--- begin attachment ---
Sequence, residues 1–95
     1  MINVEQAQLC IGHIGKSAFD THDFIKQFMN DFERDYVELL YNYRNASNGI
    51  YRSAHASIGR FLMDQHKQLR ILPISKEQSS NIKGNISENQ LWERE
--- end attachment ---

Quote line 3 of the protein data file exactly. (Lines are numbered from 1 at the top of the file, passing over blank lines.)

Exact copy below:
    51  YRSAHASIGR FLMDQHKQLR ILPISKEQSS NIKGNISENQ LWERE